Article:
Scott Wilson explores the increasing confusion surrounding the term “underground” in relation to dance music, taking in recent releases from Slackk, Palms Trax, D’Marc Cantu and more.
Scott Wilson looks at heat-warped kosmische, sweaty deep house, precise, cooling electronics and alternative takes on dub for hot summer’s nights in this month’s Scratching The Surface.
This edition of Scratching the Surface sees Scott Wilson cast his ears over some of the more severe movements in techno over the past few months.
A few months ago I wrote that this year had been characterised by a lack of major narratives in underground dance music. Nowhere is this more evident than in the arena of what we call bass music, the genre formerly known as post-dubstep, whose early years seemed to be dominated by a clutch of producers releasing on Night Slugs, R&S, Hemlock, Hotflush and Hessle Audio who have increasingly been copied by a younger generation. Arguably bass music’s biggest change in 2012 was that it became a major commercial force; as divisive as his album Personality was, nobody could deny that Scuba and his Hotflush imprint are major brands now; Disclosure came out of nowhere to offer a bright, accessible take on the genre that cracked the British top 40, and even Ministry Of Sound released a compilation called Future Bass. As a term, however, bass is one that many writers (this one included) still feel reluctant to use with any degree of certainty, and the likes of Scuba and Disclosure encapsulate why this is so; although the musical inspiration for these artists may have started with dubstep or garage, you’d really struggle to describe the music they make as anything other than a strain of house music, and to call it “bass” feels like a fallacy.
Tuning into Hessle Audio’s Rinse FM show last Thursday, I was surprised to hear “Shut In”, a track from Austin Cesear’s recent (and excellent) album on Public Information. As it reached its end Ben UFO acknowledged the track (and his preceding selections) as “outsider dance”, and offering shoutouts not to the Swamp81 axis or the Hemlock family, but to Will Bankhead and The Trilogy Tapes crew, Bill Kouligas and the PAN massive, and anyone who had seen Hieroglyphic Being and Oneohtrix Point Never in London over the preceding weeks.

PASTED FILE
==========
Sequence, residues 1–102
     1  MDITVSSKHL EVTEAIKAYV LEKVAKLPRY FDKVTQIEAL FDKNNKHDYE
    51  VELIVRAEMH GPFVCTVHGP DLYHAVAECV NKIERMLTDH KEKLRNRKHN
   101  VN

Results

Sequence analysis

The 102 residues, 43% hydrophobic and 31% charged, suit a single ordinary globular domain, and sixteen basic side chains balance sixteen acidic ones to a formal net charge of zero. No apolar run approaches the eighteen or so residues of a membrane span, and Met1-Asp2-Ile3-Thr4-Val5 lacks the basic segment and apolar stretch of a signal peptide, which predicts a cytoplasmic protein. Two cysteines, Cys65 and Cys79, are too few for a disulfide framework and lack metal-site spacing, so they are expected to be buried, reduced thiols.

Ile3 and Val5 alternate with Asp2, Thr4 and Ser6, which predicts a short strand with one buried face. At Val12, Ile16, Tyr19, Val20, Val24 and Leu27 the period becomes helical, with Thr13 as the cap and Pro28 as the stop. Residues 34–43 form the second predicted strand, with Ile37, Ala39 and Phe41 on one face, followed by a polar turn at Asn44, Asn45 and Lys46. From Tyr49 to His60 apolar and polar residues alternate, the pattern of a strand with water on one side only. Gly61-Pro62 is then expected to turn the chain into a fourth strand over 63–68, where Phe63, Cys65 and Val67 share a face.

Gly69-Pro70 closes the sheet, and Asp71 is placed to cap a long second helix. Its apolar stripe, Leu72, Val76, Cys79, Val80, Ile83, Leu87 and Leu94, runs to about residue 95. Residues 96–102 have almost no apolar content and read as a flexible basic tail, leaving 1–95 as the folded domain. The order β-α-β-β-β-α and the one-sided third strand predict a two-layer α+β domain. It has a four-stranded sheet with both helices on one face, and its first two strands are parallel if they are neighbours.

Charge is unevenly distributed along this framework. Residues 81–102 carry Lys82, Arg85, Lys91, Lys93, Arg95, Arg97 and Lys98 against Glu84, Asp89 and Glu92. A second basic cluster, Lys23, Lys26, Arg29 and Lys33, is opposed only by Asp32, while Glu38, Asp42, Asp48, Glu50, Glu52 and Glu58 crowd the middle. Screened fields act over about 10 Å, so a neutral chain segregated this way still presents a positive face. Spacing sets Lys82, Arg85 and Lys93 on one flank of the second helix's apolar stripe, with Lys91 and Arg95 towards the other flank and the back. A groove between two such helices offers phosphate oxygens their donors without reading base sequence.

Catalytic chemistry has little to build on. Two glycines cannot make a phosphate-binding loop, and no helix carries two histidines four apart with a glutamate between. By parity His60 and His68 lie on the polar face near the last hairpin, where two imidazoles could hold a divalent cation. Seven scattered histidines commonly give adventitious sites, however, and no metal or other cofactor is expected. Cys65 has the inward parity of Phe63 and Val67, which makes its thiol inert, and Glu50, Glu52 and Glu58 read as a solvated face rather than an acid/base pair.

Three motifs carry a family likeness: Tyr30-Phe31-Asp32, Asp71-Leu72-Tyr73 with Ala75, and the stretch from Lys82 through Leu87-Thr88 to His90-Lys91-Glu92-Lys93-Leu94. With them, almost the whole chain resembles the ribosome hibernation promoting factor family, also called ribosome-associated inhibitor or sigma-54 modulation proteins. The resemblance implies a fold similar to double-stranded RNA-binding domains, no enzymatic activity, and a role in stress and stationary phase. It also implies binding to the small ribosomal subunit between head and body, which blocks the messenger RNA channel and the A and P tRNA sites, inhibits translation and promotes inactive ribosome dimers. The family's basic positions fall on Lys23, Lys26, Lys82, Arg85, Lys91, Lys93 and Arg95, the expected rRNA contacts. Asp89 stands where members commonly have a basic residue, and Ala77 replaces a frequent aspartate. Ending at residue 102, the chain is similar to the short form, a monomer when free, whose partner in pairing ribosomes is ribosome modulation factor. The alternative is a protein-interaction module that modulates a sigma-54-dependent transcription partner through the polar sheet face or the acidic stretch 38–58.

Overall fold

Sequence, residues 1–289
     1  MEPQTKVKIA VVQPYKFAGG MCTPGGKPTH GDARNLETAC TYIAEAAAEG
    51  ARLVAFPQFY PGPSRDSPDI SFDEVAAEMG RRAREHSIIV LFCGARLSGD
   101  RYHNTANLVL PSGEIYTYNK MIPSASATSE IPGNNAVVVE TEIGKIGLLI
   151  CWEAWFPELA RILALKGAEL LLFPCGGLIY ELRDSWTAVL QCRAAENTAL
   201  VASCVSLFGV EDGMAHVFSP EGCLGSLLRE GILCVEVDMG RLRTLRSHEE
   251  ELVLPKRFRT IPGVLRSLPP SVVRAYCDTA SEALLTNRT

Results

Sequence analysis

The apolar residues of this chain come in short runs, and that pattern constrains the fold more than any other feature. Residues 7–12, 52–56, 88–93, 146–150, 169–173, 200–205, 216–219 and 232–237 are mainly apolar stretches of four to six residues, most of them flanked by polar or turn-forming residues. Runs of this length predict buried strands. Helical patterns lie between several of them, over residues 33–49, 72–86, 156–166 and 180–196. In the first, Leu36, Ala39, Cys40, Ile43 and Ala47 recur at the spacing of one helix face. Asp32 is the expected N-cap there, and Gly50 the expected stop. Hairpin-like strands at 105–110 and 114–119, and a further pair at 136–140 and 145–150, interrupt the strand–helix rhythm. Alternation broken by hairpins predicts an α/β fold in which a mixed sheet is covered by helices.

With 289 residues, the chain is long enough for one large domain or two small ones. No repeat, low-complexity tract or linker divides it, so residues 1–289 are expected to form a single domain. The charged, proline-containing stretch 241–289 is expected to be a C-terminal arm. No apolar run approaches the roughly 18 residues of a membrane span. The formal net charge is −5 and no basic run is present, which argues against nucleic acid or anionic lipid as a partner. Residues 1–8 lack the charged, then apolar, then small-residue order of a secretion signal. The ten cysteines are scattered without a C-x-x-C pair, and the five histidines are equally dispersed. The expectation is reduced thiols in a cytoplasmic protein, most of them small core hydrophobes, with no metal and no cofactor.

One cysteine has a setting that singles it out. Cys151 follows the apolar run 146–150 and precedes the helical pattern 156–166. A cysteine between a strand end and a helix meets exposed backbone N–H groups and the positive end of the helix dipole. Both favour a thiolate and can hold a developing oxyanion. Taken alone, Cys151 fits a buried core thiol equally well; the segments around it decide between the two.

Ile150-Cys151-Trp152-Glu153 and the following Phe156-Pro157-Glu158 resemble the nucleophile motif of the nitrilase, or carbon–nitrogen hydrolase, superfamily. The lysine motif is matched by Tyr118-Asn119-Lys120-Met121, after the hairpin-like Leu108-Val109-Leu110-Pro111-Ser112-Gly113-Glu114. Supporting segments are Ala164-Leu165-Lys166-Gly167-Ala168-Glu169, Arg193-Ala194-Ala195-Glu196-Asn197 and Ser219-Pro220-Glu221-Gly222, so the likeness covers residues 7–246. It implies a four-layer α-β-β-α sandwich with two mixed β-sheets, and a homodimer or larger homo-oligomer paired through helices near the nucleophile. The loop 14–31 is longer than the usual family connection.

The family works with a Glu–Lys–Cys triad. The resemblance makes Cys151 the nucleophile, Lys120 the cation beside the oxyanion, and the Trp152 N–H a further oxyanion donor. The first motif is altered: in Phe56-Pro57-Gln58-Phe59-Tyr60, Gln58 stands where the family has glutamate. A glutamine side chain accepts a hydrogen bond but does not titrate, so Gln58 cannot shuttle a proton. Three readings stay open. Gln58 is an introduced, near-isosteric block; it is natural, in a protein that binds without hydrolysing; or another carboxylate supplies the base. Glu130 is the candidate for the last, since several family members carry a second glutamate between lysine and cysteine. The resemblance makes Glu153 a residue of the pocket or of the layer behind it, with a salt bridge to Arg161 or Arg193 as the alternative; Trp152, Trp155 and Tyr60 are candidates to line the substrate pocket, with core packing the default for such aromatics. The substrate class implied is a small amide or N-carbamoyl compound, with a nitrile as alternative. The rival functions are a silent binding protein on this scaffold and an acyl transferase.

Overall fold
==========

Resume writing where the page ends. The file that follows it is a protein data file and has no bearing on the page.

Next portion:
FACT Magazine’s Tom Lea recently made the point in his review of Jam City’s Classical Curves that the “popular misconception amongst techno producers right now is that releasing music on a hand-stamped white label is somehow taking the form back to basics… but its current position at the height of techno fashion seems to miss the point – the best techno has always been synonymous with imagery”.
“There are bands that have been acting ruthlessly in the shadow for years, in a completely confidential manner, then one day chance (but does chance exist?) makes you find one of their recordings, listen to it, and at that moment you could kick yourself for not having discovered these soundscapes earlier and you try to find all of them.”
The third instalment in our Scratching The Surface series sees Scott Wilson investigate the raw strands of electronic music emanating from the Livity Sound, Clone, Skudge, Spargel Trax and Third Ear camps in recent weeks. Scroll down to listen to a mix Scott has compiled to accompany the piece.
Aaron Coultate explores some of Europe’s far-flung electronic music outposts in the latest instalment of Scratching The Surface. Artists and labels from Norway, Greece, Estonia and Russia all feature.
Here we launch the first instalment of a new regular feature entitled Scratching The Surface. Each month one of the Juno Plus scribes will look through the most intriguing vinyl releases and give a selection of under-the-radar missives some richly deserved column inches. First up is our Deputy Editor Tony Poland.